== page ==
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# Framerate Independence

The use of DT is to allow time related logic to take place (i.e a countdown timer) accurately, and for movement and physics code to work properly - independent of the framerate. A problem that arises with games is that the frametime can vary, sometime not by much, sometimes drastically (lower end PCs). Ideally we want a solid 16ms, but we won’t always get that. A stuttering game doesn’t look good graphically, but if we don’t account for it within the game-logic, it can actually cause major problems. Imagine a player moving left at a speed of 10 units a second. With an ideal frame-rate of 60fps. We are calling Update() 60 times per second. So we should move the player by 0.16 (10/60) units each update.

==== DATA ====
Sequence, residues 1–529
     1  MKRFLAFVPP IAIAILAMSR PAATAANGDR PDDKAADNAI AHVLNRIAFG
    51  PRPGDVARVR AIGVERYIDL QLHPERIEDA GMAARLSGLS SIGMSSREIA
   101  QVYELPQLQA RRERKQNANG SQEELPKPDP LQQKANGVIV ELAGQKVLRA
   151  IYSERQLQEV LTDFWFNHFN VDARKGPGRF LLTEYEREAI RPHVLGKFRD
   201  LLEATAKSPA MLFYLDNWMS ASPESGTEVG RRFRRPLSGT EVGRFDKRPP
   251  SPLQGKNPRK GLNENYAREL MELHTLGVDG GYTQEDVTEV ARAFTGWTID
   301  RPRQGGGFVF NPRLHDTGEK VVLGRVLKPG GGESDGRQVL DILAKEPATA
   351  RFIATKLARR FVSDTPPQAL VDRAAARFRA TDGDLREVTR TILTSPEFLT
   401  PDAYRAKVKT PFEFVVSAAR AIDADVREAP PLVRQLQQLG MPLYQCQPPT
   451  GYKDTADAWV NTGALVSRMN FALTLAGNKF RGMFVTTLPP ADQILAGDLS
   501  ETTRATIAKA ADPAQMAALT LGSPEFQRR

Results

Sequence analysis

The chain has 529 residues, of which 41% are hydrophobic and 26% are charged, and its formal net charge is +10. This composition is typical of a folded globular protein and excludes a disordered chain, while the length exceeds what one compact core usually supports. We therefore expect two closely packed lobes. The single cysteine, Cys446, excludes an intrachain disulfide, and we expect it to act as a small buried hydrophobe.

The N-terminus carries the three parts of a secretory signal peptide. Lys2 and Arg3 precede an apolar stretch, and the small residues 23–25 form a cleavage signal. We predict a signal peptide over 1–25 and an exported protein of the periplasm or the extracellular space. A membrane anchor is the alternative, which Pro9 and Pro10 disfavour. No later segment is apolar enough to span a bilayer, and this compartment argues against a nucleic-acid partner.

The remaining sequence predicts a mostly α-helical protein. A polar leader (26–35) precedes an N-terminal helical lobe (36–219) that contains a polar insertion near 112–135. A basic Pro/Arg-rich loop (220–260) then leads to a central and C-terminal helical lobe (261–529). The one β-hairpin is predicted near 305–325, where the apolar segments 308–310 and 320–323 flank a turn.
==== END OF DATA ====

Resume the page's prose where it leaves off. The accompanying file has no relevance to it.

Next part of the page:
``````//This is Bad
const float playerSpeed = 10.f;
const float idealFps = 60.f;

void Update() {
player.move(playerSpeed / idealFps);
}
``````

This would work, but if the frametime suddenly drops to 30fps, or starts varying between 30 or 60, the update() function will be called less, and so the player will move slower. Conversely, if the fps skyrockets, then our player will start moving at light-speed. The solutions is to \textbf{Always include DT in calculations that involve time. i.e speed, movement, acceleration.} Here is the proper way to do it:

``````const float playerSpeed = 10.f;

void Update(double dt) {
player.move(playerSpeed * dt);
}

``````

Let’s look at the maths here.

• when the game is running slower – DT gets larger (it’s the time between frames).
• When the game is running faster – DT gets smaller.
• When the game is running at our ideal rate of 60fps – DT = 60.
• If the game drops down to 30fps – DT = 120
• When the game is running slower – the player moves faster.
• When the game is running faster – the player moves slower.
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